MemberMay 8, 2020 at 5:53 pm
The answer to the following question lists reducing MTU size as a valid troubleshooting step. However, the question states that the problem appears after a few days of QA testing. That points to memory/tablespace/locking issues. An MTU problem on the other hand, should have been evident from the beginning, so I think this option needs to be reviewed again.
You are working as an IT Consultant for a FinTech startup based in Bonifacio Global City where you are tasked to properly set up an online analytical processing (OLAP) application. You have also launched and configured all of the required AWS resources such as EC2, Security Groups, Redshift WLM Queues, S3, and IAM Roles. The development team has completed their coding and deployed the new application in AWS. However, after a few days, the QA team noticed that queries stop responding at all in Redshift.
In this scenario, which of the following can you do to solve this performance issue? (Choose 3)
AdministratorMay 8, 2020 at 6:09 pm
Not quite. An MTU problem does not always show up evidently from the beginning. It depends on various factors.
The scenario basically asks you how can you troubleshoot the issue in your Redshift Cluster. All of the three answers here are based on the official AWS documentation:
About the maximum transmission unit (MTU) size, this issue happens due to packet drop, when there is a difference in the MTU size in the network path between two Internet Protocol (IP) hosts.
In my opinion, it depends on the packet size. If on those few days, the requests only have a small packet size, then there will not be a problem and the Redshift cluster will work as expected. However, the problem will transpire if a host sends a packet that is bigger than the MTU of the instance, as per the official AWS documentation:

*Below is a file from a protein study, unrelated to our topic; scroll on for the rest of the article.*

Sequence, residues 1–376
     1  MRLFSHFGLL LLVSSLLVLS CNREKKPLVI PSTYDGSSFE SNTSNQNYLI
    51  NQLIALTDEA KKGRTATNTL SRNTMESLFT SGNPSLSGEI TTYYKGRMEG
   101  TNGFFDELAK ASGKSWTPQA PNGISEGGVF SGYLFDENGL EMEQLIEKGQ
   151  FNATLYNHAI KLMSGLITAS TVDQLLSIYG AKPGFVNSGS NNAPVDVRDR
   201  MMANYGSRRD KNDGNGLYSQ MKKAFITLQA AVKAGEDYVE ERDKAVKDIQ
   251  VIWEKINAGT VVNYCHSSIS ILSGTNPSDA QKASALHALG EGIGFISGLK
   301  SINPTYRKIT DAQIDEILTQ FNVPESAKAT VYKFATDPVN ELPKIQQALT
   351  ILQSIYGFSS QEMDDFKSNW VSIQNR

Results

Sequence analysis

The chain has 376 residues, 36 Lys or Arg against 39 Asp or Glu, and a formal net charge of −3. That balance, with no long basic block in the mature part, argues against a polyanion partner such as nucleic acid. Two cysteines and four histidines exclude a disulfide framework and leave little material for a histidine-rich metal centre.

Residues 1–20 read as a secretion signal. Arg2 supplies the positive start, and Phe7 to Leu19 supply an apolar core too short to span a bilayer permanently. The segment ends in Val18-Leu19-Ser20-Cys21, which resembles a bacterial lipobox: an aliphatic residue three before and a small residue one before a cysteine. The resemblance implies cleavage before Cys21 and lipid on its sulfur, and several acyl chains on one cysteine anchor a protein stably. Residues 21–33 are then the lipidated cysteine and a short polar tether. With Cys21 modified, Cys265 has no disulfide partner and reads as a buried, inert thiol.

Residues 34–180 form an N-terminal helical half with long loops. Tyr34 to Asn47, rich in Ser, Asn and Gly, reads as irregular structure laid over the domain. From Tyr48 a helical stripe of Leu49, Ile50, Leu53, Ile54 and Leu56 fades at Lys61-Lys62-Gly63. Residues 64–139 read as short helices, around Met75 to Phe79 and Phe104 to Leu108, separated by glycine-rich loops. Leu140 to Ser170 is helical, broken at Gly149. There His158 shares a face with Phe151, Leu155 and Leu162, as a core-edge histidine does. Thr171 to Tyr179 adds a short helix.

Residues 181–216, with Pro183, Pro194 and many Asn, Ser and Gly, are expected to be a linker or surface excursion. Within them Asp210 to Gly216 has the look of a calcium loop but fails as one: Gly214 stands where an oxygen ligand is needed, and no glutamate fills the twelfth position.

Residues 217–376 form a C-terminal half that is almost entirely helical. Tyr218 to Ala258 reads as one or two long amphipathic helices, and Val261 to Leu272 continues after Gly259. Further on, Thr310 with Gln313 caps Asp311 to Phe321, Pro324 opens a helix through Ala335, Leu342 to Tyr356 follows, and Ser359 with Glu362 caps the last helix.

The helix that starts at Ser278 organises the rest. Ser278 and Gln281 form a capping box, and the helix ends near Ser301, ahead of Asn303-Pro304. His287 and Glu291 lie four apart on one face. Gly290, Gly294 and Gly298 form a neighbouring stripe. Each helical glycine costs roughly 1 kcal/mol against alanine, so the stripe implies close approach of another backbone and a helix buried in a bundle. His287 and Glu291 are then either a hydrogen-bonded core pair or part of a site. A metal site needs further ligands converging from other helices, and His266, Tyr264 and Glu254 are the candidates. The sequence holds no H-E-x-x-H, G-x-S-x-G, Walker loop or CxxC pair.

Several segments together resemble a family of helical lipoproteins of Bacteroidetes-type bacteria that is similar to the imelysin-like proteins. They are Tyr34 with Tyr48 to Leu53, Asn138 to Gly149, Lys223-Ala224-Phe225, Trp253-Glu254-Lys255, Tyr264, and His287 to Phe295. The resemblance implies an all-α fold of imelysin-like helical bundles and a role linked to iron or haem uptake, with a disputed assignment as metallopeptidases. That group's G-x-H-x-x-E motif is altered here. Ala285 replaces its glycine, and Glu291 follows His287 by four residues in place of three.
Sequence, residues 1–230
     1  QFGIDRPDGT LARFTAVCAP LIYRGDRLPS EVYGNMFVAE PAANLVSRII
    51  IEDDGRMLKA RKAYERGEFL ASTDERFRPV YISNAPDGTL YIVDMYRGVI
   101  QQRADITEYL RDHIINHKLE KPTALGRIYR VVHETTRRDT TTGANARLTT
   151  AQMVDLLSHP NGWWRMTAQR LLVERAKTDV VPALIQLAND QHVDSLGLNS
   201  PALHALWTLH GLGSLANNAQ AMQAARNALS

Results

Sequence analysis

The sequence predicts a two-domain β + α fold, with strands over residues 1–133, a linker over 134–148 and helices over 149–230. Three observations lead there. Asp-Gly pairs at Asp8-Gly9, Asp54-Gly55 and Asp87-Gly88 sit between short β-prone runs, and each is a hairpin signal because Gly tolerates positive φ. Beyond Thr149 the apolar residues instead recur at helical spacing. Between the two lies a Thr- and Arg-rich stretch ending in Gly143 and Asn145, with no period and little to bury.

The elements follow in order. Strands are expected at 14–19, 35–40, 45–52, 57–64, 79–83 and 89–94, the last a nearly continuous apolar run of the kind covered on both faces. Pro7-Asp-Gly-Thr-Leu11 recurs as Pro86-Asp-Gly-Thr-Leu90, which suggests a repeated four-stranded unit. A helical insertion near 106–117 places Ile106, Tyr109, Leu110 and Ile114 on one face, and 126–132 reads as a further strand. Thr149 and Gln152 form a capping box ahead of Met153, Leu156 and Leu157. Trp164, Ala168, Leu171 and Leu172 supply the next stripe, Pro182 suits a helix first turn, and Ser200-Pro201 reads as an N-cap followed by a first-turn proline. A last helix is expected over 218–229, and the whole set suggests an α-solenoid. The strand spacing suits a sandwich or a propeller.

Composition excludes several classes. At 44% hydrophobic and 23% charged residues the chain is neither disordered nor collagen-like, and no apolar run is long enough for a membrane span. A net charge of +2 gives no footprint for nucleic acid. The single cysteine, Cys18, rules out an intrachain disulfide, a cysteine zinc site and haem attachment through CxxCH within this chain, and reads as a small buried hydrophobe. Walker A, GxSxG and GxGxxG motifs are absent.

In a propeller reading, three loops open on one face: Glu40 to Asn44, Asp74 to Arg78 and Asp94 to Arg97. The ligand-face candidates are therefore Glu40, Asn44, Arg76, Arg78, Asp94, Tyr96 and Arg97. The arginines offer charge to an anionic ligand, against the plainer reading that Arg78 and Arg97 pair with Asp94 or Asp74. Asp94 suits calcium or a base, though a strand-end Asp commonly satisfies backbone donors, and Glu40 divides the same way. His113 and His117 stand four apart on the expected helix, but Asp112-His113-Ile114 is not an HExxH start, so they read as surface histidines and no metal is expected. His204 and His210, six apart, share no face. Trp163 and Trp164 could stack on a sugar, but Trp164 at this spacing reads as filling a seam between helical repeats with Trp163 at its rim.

If a host sends a packet that’s larger than the MTU of the receiving host or that’s larger than the MTU of a device along the path, the receiving host or device returns the following ICMP message: Destination Unreachable: Fragmentation Needed and Don’t Fragment was Set (Type 3, Code 4). This instructs the original host to adjust the MTU until the packet can be transmitted.
Hence, the option that says: “Reduce the size of maximum transmission unit (MTU).” is still valid for this scenario.
The MTU size determines the maximum size, in bytes, of a packet that can be transferred in one Ethernet frame over your network connection. If the packet size is small on those first few days (perhaps used for initial testing) then it is possible that it will still work. But if it is used fully, then the packet size being sent by the host could be doubled that causes this issue.
This issue is also mentioned here: https://docs.aws.amazon.com/redshift/latest/mgmt/connecting-drop-issues.html
Take note of the word: “Sometimes” :
Queries Appear to Hang and Sometimes Fail to Reach the Cluster
You experience an issue with queries completing, where the queries appear to be running but hang in the SQL client tool. Sometimes the queries fail to appear in the cluster, such as in system tables or the Amazon Redshift console.
This issue can happen due to packet drop, when there is a difference in the maximum transmission unit (MTU) size in the network path between two Internet Protocol (IP) hosts. The MTU size determines the maximum size, in bytes, of a packet that can be transferred in one Ethernet frame over a network connection. In AWS, some Amazon EC2 instance types support an MTU of 1500 (Ethernet v2 frames) and other instance types support an MTU of 9001 (TCP/IP jumbo frames).